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FINRA Ejecting Firms That Skip Out on Arbitration Bills

For firms that don’t pay their arbitration awards, Wall Street’s self-regulator plans to bar them from the industry and could seek to impose new rules to make collecting awards easier for investors.

In testimony before the Senate Committee on Banking, Housing and Urban Affairs on Thursday, FINRA’s CEO Rick Ketchum took a harsh stance on firms that do not pay up when arbitration panels award damages to investors.

“With respect to any firm that continues to do business in the securities industry, unless they leave and become a registered investment advisor, we will bar them if they don’t pay their awards. Plain and simple as that. No one can stay in as a FINRA member and not pay their arbitration awards,” Ketchum explained in response to a question from Senator Elizabeth Warren (D-MA).

Senator Warren questioned whether industry self-regulation really works, pointing to two recent studies that showed brokers and firms put consumers at risk through unpaid arbitration awards and unchecked advisor misconduct.

“I think something should be done about both these brokers and dealers who put investors at risk. FINRA is supposed looking out for these folks, not advisory firms,” Warren said. “We’re talking about real risk here.”

Warren referred to the academic research released Monday that showed one out of every 13 FINRA-registered financial advisor had a history of misconduct, as well as the report released last week by the Public Investors Arbitration Bar Association (PIABA) that found that over $60 million in arbitration awards to investors in 2013 remain unpaid.

Ketchum responded that the regulator was looking at these issues and, in the case of the unpaid awards, argued that many of the firms or brokers at issue were no longer registered members of FINRA; therefore, they fell outside the organization’s purview.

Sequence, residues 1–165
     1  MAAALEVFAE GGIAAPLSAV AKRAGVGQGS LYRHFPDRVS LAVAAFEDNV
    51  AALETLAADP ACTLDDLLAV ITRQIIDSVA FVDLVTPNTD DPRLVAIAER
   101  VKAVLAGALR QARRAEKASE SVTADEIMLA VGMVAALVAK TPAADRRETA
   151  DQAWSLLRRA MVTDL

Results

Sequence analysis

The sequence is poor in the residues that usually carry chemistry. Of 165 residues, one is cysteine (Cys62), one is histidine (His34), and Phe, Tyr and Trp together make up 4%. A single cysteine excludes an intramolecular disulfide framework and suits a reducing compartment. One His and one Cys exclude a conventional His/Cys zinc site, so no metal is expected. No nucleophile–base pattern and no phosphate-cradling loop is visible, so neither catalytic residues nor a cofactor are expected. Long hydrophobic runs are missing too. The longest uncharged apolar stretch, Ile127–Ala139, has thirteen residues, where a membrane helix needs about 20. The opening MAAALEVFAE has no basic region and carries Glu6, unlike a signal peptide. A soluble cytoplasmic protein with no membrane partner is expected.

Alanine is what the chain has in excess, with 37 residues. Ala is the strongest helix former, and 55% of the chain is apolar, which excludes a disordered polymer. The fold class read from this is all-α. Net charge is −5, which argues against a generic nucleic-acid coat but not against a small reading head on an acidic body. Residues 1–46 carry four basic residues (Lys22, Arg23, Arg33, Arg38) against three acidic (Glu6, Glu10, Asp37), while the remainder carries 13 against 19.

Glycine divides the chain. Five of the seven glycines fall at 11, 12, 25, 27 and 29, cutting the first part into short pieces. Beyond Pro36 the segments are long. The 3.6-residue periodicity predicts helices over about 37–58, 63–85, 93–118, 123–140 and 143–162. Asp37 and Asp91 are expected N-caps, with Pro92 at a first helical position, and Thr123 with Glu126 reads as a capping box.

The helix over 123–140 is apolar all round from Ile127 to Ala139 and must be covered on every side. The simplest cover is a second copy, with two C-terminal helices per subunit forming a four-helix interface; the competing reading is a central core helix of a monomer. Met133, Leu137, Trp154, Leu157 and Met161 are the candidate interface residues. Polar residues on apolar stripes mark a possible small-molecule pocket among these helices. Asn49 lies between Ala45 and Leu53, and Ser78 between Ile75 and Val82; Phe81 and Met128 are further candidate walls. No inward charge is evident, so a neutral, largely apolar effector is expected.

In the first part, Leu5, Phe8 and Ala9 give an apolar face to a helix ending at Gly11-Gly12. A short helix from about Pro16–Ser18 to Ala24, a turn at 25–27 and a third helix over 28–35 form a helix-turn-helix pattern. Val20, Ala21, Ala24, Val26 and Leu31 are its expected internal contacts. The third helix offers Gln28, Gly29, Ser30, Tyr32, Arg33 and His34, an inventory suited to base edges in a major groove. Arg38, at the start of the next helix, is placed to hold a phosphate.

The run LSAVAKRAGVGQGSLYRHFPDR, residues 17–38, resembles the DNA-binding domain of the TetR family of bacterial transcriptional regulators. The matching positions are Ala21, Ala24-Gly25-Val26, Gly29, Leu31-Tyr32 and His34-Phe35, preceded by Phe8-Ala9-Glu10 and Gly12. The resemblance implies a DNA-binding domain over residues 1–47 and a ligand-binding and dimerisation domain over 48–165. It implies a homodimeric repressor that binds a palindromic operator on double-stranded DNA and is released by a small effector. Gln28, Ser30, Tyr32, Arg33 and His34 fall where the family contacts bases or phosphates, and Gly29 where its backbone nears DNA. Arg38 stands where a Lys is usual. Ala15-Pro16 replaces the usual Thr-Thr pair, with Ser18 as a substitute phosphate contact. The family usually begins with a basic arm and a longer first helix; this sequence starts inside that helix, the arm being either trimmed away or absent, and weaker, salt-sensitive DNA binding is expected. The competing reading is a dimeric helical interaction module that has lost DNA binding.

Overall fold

“We have a great deal of concern about firms becoming insolvent and leaving FINRA. In those situations, we lose our jurisdiction and from the standpoint of barring them, they’re already gone. That is a big problem,” Ketchum said.

Currently under FINRA Rule 9554, the regulator proactively suspends firms and brokers that do not pay arbitration awards. For each suspension, FINRA makes a note on the records of the firm or broker regarding the non-payment and prevents them from re-entering the securities industry until the award has been satisfied.  

When Warren pressed the issue, asking specifically if all the firms or brokers with unpaid awards from 2013 were gone, Ketchum responded they were. “I’m saying those who have not paid will either be in a short period of time barred, or already out. With respect to those firms [from three years ago], they are gone. Those are firms that have left FINRA and the collection issues are the exact same collection issues as when a firm goes insolvent,” he said.

But PIABA’s investigation found that of the 75 unpaid awards from 2013, 51 were against a person or firm no longer in the industry. FINRA did not immediately respond to a request for clarification of the outstanding arbitration award situation on Thursday.

Going forward, Ketchum noted that FINRA plans to review the capital requirements at firms to determine if they are at the right level, although he noted that was essentially something for which the Securities and Exchange Commission has taken responsibility.

Additionally, Ketchum said the regulator would explore whether there should be “jumps” before a firm leaves FINRA to ensure they have left enough capital to meet any obligations that may come forward.

“One way or another, there should be a fund to address this for small investors who are harmed by this,” Ketchum said, echoing an idea proposed in the PIABA report for a national recovery pool.

Hugh Berkson, PIABA president and author of the report, said Thursday that a recovery pool was the most viable solution and could be put forward through a FINRA rule proposal.

“The expense would be minimal,” he added, noting that by assessing a $100 fee per broker, FINRA would be able to fund a pool of over $60 million. “If there was the will to do this, it could be done in short order.”


Updated March 4, 2015 at 12:15 p.m. to include additional information regarding FINRA's current suspension activities. 

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